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PatrickLondon, As a child, in the early sixties, I used to take the old newspapers to our greengrocers, and also to the local sweet shop - they would wrap your block of icecream in several layers to insulate until you got it home, by which time it was just nicely soft enough to eat.
We had a greengrocers shopping bag, lined with old paper into which we just put all the veg we bought, mud and all, and the fruit got put in paper bags on top.
The butcher would wrap everything in paper too. There would be blood oozing out by the time we got home. I'm sure there was salmonella and e-coli then too, but no one seemed too bothered about such things.
Come to that the baker would wrap the loaf in just a couple of sheets of tissue paper, which never quite covered it.
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Old Feb 20th, 2008, 05:11 AM
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Yeah, this thread very much reminds me of 1973. Time warp into the past.
Producing waste is so much fun, those german governments took all the fun out of peoples lifes
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Old Feb 20th, 2008, 05:54 AM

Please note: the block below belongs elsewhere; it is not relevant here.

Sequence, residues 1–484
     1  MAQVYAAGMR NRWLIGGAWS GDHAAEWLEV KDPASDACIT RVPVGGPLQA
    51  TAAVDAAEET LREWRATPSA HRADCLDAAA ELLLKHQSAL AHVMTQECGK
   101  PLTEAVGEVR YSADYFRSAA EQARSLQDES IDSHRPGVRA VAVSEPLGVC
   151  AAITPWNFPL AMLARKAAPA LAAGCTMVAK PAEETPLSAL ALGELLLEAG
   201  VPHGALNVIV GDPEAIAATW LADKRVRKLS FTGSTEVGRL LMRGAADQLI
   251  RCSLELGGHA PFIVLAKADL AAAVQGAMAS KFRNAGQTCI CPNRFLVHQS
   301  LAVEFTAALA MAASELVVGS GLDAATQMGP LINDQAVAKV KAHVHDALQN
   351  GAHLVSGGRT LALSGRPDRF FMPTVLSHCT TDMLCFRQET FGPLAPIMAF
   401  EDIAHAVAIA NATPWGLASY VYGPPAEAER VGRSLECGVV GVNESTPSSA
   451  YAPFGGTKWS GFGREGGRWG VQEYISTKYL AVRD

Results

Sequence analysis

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In Switzerland, most stores have very, very tiny plastic bags available for free - sort of like a produce bag with handles. Most customers bring their own bags. You can also opt to purchase a handled paper bag for a few swiss francs.

I had gotten into the habit of bringing my own cloth bag in the US and now hear in Zurich I recycle the heavy duty bags from the various clothing stores. I also especially like the thick plastic bag from the local bookseller as it holds 6 pints of milk without breaking.

Besides the obvious environmental benefits, I like that my kitchen isn't filled with a collection of bags and that the ones I do save really get used.

I also notice most complimentary gift wrap here does not include a box - just the paper on top of the item or a sort of envelope of gift wrap for clothing items. Made Christmas morning clean-up much simpler.

g.
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Old Feb 20th, 2008, 07:00 AM
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I think it's more as if bags came in and are going out again.